Fundamental Constant May Depend on Where in the Universe You Are

A fundamental physical constant akin to the charge of the electron or the speed of light may depend on where in the universe you are, a team of astronomers reports. If true, that observation would overturn scientists' basic assumption that the laws of physics are the same everywhere in the universe. Other researchers are skeptical, however.
The constant in question is the so-called fine-structure constant. A number with a value of about 1/137, the constant dictates the strength of the electromagnetic force and, hence, determines the exact wavelengths of light an atom will absorb. The idea that the constant may have changed over the age of the universe isn't new. Astrophysicist John Webb of the University of New South Wales in Sydney, Australia, and his colleagues first rang that bell in 1998, using data from the 10-meter telescope at the W. M. Keck Observatory on Mauna Kea, Hawaii, which peers into the Northern Hemisphere.
Back then, the team looked at the brightly shining centers of ancient galaxies known as quasars. Light from the quasars must pass through clouds of gas on its several-billion-year journey to Earth, and the atoms in the gas absorb light of specific wavelengths. So the spectrum of the light reaching Earth is missing these wavelengths and looks a bit like a bar code. The overall shift of the lines tells researchers how far away a gas cloud is and, hence, how long ago the light passed through it. The relative spacing of the lines lets them estimate the fine-structure constant at that time. Analyzing such data, Webb and colleagues argued that the fine-structure constant was about 1 part in 100,000 smaller 12 billion years ago than it is today. That was a radical proposition, as the laws of physics are supposed to be the same no matter where you are in the universe.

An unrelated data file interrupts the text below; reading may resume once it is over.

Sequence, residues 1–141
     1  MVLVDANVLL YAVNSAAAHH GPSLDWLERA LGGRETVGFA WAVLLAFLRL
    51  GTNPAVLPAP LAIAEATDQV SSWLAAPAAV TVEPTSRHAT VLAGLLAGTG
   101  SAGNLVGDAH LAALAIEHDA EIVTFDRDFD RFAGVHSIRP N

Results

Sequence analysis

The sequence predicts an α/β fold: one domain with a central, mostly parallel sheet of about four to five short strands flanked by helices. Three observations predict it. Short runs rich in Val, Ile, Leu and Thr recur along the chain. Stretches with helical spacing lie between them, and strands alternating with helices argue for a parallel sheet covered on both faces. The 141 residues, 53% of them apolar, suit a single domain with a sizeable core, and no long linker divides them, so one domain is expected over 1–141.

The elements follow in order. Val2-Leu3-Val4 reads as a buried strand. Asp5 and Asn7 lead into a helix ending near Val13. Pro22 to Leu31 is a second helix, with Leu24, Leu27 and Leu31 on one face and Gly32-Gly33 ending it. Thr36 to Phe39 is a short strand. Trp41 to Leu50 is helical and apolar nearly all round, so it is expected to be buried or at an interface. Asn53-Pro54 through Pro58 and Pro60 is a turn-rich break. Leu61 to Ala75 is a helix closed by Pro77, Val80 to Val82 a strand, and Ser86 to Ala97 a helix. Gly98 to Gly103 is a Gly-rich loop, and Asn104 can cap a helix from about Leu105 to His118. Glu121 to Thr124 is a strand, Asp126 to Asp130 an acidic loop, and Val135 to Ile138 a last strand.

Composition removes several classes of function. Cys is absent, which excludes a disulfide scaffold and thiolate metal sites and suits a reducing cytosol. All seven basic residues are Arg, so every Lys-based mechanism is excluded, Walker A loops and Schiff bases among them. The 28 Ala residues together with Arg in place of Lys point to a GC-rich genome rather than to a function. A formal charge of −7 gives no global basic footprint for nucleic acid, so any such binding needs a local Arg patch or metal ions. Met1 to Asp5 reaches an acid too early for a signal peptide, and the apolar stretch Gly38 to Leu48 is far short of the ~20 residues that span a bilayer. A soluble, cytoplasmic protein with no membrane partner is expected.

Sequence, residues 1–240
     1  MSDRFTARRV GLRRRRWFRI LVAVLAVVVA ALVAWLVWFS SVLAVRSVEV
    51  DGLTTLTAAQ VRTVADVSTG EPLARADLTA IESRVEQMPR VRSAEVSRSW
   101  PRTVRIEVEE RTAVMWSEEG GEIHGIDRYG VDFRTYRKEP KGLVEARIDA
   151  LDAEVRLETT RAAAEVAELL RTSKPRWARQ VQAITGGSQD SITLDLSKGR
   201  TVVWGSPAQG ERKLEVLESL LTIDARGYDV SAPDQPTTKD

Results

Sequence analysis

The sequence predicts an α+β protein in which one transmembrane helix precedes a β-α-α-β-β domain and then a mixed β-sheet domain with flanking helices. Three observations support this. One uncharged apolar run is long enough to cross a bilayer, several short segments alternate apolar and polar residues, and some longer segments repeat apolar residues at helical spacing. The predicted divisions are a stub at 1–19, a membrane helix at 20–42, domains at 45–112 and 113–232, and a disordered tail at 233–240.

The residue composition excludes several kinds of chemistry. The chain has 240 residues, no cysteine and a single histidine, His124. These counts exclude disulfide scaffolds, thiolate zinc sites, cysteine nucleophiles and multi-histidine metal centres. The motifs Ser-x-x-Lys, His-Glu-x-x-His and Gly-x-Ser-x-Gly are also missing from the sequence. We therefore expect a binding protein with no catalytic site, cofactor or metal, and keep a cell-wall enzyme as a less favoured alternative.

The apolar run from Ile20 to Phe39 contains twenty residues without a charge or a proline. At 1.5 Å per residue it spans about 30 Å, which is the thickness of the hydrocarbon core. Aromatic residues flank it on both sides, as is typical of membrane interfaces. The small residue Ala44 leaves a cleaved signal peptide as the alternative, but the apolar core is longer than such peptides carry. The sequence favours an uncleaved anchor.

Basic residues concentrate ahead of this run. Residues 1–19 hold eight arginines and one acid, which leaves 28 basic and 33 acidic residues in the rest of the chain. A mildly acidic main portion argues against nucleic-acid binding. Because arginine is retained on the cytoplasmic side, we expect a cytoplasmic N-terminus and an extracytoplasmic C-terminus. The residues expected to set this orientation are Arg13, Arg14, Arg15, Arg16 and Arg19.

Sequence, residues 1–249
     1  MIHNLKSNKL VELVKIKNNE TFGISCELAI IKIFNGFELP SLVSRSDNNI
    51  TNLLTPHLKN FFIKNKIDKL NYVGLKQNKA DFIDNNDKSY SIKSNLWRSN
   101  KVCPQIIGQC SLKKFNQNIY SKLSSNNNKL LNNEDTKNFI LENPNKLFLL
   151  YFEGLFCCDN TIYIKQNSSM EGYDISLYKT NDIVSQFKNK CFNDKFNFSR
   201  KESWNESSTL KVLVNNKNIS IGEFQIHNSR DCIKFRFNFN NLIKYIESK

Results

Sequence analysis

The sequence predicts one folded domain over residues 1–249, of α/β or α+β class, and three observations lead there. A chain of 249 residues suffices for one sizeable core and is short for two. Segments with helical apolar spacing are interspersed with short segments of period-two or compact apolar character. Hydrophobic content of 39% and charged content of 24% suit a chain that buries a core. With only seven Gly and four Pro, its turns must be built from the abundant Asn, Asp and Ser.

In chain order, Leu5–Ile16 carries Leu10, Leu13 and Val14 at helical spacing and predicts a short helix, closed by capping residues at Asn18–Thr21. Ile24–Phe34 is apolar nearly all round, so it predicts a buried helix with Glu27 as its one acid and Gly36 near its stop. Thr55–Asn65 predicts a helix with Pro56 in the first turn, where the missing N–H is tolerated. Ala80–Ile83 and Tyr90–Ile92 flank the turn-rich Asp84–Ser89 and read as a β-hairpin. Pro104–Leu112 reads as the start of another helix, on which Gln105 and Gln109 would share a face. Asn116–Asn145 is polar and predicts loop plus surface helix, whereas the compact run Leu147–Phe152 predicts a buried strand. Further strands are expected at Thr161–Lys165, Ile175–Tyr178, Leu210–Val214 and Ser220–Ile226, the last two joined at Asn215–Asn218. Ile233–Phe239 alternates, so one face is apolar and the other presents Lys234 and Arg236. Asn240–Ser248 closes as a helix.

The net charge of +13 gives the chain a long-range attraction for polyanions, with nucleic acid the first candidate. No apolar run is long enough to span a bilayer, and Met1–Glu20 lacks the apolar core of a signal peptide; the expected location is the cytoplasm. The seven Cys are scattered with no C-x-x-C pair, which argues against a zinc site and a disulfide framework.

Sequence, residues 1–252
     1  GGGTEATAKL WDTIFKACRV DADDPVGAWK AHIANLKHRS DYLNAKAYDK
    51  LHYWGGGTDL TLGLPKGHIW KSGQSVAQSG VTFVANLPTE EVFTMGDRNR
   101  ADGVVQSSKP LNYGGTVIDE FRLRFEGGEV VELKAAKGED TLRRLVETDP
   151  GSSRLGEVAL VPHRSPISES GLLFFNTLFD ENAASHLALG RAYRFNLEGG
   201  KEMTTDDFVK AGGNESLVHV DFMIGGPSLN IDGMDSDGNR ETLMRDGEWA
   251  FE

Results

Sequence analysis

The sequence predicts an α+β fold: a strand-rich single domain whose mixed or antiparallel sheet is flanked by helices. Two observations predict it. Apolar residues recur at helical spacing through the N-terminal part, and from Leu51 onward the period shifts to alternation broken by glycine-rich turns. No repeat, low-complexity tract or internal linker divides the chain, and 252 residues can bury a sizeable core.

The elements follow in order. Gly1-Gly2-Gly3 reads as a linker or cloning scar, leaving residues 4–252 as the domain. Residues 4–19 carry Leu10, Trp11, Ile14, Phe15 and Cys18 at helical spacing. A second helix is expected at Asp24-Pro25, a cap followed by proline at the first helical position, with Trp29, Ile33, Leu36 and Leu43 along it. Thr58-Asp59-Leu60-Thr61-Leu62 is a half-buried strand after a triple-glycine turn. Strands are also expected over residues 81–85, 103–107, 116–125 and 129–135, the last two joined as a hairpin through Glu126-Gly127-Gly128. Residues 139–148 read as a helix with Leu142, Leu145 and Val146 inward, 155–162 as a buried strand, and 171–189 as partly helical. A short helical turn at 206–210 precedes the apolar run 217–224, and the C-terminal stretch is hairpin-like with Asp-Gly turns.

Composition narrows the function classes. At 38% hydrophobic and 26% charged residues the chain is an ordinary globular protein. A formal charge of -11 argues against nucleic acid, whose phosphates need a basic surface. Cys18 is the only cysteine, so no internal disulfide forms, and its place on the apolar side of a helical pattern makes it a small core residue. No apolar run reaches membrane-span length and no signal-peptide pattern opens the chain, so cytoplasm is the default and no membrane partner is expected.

The result was not universally accepted, however. In 2004, Patrick Petitjean, an astronomer at the Institute for Astrophysics in Paris, and colleagues used observations of 23 clouds from the Very Large Telescope (VLT) on Cerro Paranal in Chile, which peers into the southern sky, and found no discernible variation in the fine-structure constant.

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Physics Constants Vary Between Galaxies Clusters

A. Fundamental Constant May Depend on Where in the Universe You Are

B. From: EOTOE, Some Implications (I)

PS1: (notes since 2005-6)
- Definitely: Dark energy and dark matter YOK! Universe's m reconverts to E at a constant rate…
- Universe accelerated expansion is per Newton's motion laws, obviously…
- Also, universe physics constants should vary, probably slightly, between galaxies clusters due to different clusters sizes...
- Also, the clusters formed by dispersion at inflation…

Dov Henis (comments from 22nd century)

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